Recorded on location in Fremont, New Hampshire, Jon meets the sisters who were part of the girl group from the 1960s 'The Shaggs'. Created by their father, the sisters were home schooled and made to practice every day. Their album, Philosophy of the World was ridiculed and a flop, but remarkably many years later they were re-discovered and hailed as way ahead of their time and a major contribution to music. The other story in this programme is told by Simon Hollis who recalls the time he worked as a designer in Calvin Klein's New York flag ship store and made a major mistake with too many red candles.
Producers: Laura Parfitt and Simon Jacobs
An Unique production for BBC Radio 4.
Recorded on location in Fremont, New Hampshire, Jon meets the sisters who were part of the girl group from the 1960s 'The Shaggs'.
Created by their father, the sisters were home schooled and made to practice every day.
Their album, Philosophy of the World was ridiculed and a flop, but remarkably many years later they were re-discovered and hailed as way ahead of their time and a major contribution to music.
The other story in this programme is told by Simon Hollis who recalls the time he worked as a designer in Calvin Klein's New York flag ship store and made a major mistake with too many red candles.
0604Witch Hunts2011051720110517 (R4)
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Jon Ronson considers the moment when we follow the herd and make accusations. Jon talks to Meredith Maran who at one time believed she was abused by her father. Her beliefs wrecked her family's relationships. Years later she was to question her memory, and ask whether she had been caught up in a wave of accusations that swept America at the same time which was based on false memory syndrome. But what were the consequences of her doubts on her family and her father?
Music writer David Quantick brings a lighter note to the programme with his stories of his time as entertainment officer at the student union where he took part in an evening of humiliation towards the rock society. He is still left with feelings of guilt around his actions.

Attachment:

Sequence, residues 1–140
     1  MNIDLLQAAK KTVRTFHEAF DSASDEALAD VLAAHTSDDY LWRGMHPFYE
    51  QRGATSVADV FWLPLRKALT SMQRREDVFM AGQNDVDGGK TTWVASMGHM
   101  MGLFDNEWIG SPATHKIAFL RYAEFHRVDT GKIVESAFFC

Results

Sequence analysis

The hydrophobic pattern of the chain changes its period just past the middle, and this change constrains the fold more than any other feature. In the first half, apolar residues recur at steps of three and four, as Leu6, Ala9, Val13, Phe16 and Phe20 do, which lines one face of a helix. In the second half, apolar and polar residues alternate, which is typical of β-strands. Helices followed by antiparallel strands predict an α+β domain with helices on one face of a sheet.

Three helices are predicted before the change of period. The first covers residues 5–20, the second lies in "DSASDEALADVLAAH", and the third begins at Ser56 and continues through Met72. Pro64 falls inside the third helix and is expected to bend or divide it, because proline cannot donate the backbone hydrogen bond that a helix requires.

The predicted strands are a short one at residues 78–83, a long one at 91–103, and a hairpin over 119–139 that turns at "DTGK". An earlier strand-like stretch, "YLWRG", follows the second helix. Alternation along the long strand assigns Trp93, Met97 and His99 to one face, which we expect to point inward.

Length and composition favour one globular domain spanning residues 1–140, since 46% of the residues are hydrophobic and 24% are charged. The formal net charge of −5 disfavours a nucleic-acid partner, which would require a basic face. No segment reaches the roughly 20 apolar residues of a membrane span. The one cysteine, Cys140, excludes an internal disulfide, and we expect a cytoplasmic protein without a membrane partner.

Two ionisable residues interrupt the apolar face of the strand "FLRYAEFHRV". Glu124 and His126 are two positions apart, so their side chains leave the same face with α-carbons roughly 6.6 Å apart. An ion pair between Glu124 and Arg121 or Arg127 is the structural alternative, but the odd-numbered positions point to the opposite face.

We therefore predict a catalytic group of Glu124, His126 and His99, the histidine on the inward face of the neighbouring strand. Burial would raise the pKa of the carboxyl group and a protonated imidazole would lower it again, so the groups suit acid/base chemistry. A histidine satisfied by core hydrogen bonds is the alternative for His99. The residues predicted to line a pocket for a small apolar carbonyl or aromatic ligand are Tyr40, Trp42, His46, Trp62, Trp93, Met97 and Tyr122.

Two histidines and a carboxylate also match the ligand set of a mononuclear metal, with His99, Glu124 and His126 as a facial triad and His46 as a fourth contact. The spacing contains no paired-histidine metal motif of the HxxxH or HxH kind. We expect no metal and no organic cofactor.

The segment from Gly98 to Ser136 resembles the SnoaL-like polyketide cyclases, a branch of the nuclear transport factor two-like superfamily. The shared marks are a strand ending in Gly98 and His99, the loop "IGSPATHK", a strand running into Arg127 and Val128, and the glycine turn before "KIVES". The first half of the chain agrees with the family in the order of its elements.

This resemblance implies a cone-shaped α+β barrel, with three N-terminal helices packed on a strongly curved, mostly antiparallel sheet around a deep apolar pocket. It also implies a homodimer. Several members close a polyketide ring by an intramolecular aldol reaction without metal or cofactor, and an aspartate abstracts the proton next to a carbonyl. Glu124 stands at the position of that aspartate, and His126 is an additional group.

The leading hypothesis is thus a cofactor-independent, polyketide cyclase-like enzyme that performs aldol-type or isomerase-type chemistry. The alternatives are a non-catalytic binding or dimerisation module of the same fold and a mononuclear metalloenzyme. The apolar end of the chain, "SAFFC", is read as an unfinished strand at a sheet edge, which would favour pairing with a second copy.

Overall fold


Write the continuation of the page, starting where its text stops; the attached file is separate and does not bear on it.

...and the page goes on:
Producers: Laura Parfitt and Simon Jacobs
An Unique production for BBC Radio 4.
Jon Ronson considers the moment when we follow the herd and make accusations.
Jon talks to Meredith Maran who at one time believed she was abused by her father.
Her beliefs wrecked her family's relationships.
Years later she was to question her memory, and ask whether she had been caught up in a wave of accusations that swept America at the same time which was based on false memory syndrome.
But what were the consequences of her doubts on her family and her father?
Music writer David Quantick brings a lighter note to the programme with his stories of his time as entertainment officer at the student union where he took part in an evening of humiliation towards the rock society.
He is still left with feelings of guilt around his actions.
0605 LASTAiming Low2011052420110524 (R4)
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Jon Ronson talks to Stewart Lee about why we are all so caught up in competitive lives.
They discuss how choosing to aim low in a conscious way is the way forward.
Jon Ronson talks to Stewart Lee about why we are all so caught up in competitive lives. They discuss how choosing to aim low in a conscious way is the way forward.
Producer: Laura Parfitt and Simon Jacobs
An Unique production for BBC Radio 4.
0701Confirmation Bias20130404 Writer and documentary maker Jon Ronson returns for another five-part series of fascinating stories shedding light on the human condition.
In the first programme, he investigates confirmation bias - or why so many people look for evidence that confirms their pre-existing beliefs.